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The Nation

Ordinary People Step Up to History's Microphone

October 26, 2003|Josh Getlin | Times Staff Writer

NEW YORK — Like millions of daily commuters who have rushed through Grand Central Station before him, Olu Dara was running late. The Harlem jazz musician hustled through packed crowds, dashed up a narrow stairway and reached a small radio booth in the middle of the rail terminal's cavernous Vanderbilt Hall.

He entered, sat down and quietly began telling the story of his life.

"I was born in a small town in rural Mississippi," he said into a microphone Saturday, a look of tranquillity spreading over his face. "I've been lots of places."

For anyone who has experienced the noise and anonymous hurly-burly of Manhattan's historic station, the notion that people racing for trains would suddenly sit down and spill their innermost thoughts to a radio interviewer is bizarre.

But that is exactly what David Isay, a radio documentarian, had in mind when he convinced corporate sponsors and National Public Radio to launch the StoryCorps project, which opened its first branch last week. In a culture inundated with the stories of celebrities, he says, America needs to hear the recorded voices of ordinary people, because their lives and contributions are no less important.

"I love recorded sound, I love audio, and for me the soul is contained in the voice," Isay said. "So when people from all walks of life get a chance to come into this booth we've created, you close your eyes and listen to them, and it's amazing. It's an experience that can disappear unless you make a conscientious effort to capture it."

Isay is modeling his work after the oral interviews conducted by the Works Progress Administration during the Depression. Those sessions recorded fascinating moments in the lives of everyday Americans, and Isay's goal is to create a similar bank of personal recollections from the 21st century.

In the 1930s, teams of interviewers with microphones sought out people in their homes and at work across the nation. Now, Isay said, the idea is to bring people into a small recording center and empower them to conduct their own interviews.

The StoryCorps' box-like booth in Grand Central Station is equipped with two microphones, several chairs and a wall of recording equipment. People pay $10 for a 40-minute session, in which a friend or family member can interview them. They receive a compact disc of the session, and a duplicate goes to the Library of Congress. Under an agreement with National Public Radio, the most intriguing segments are selected for regional or national broadcast.

So far, scores of New Yorkers and other visitors have signed up for the chance to tell their life stories. A team of facilitators is available to help them select questions and make sure that the interview covers more than simple facts like the day someone was born, or how many children they've had and where they've gone to school.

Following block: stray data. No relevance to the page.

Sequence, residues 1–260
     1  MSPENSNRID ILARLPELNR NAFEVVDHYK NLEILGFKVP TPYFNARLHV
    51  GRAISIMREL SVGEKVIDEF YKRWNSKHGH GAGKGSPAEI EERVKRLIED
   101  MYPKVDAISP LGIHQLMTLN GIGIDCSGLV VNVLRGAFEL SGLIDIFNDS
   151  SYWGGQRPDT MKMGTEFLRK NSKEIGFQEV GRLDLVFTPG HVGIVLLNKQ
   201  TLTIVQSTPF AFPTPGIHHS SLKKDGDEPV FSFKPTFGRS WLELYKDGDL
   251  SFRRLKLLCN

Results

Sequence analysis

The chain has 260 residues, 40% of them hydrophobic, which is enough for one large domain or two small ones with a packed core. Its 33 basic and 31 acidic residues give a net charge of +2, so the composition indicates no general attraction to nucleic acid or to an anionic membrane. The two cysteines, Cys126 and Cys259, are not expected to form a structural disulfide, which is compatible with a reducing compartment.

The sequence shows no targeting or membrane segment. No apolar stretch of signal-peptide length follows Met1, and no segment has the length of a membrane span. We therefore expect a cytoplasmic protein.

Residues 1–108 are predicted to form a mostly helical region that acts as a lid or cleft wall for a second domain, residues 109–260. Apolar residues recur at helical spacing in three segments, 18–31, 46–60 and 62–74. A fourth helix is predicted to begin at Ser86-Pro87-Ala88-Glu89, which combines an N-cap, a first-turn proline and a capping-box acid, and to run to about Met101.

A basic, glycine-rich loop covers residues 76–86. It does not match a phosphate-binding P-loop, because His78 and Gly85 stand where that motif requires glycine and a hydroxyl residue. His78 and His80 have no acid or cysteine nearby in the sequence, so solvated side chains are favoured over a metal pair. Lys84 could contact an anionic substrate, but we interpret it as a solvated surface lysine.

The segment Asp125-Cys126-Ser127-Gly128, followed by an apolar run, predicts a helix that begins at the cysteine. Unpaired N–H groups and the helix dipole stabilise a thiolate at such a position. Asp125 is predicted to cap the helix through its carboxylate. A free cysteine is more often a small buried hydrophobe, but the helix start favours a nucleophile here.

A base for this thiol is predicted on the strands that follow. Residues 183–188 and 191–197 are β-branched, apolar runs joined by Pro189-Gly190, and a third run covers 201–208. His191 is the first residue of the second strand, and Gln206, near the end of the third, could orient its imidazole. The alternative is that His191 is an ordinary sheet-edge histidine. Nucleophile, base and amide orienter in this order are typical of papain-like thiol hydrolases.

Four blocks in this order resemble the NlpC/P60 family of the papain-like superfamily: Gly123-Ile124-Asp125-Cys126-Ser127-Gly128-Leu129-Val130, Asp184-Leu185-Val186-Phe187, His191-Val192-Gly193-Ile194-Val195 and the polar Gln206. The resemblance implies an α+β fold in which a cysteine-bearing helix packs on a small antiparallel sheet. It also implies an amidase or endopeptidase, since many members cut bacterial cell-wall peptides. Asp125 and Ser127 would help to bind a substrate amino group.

"The idea is to get people talking about what's truly important," said Kimberly Stevens, the facilitator who sat in with Dara and his friend Steve DeBro, a recording company executive who agreed to be his interviewer. "You learn that everybody has something fascinating to say," Stevens said.

Isay, who has produced radio documentaries about children in Chicago housing projects, Bowery bums living in flophouses and Yiddish radio in America, scrambled to get the StoryCorps project off the ground. Finding money to operate the Grand Central booth, he said, "has been like a daily street fight."

Ultimately, the Rockefeller Corp., the Carnegie Foundation and others agreed to fund the project for a limited time, and Isay is betting that the initial results will impress supporters, enabling him to expand the project. He hopes to locate booths in Los Angeles and other cities, as well as rural areas, next year.

As Dara and DeBro got deeper into their interview, the jazz musician went back to his childhood. Outside, a jazz salsa band was booming music into the terminal, and thousands of people scurried past the booth. Strangers pressed their faces against the glass window, but Dara was oblivious.

He told of growing up black in the Mississippi Delta, angered by segregation but nurtured by a small, caring community. Pressed by his parents to become a doctor, he rebelled, joining the Navy in the early 1960s. He had learned how to play the trumpet, and joined the Navy's marching band.

"I remember, we played for John F. Kennedy's inauguration, and we were freezing that day," he said softly. "I held the horn in my hands; it was bitterly cold."

From there, Dara sailed to ports in the Caribbean and Africa. He told about how white sailors who had developed deep tans were classified as "colored" when their ship reached South Africa. "I had never seen a world like that," he said.

His travels finally took him to New York City, where he flirted with numerous jobs -- as a newspaper deliveryman, an X-ray assistant, a social worker -- before conceding that music was his passion. He played in the jazz loft scene, toured with jazz great Art Blakey, wrote stage music for playwright August Wilson, and recorded several albums.

Dara ended with this thought: "I'm 62 now, but I still think like I thought when I was 13, 14 years old." He said life has taught him "not to be ambitious, except for being healthy and trying to be as nice as I can."

The interview was "a really great thing," he said, adding that "the best thing is for other people to get the chance to talk about their lives too. You learn about yourself when somebody else listens. It makes you feel very special, like you matter."

With that, he was gone. Dara and DeBro shook hands, thanked Stevens and left. Anything but ordinary, they blended into the crowd and disappeared.

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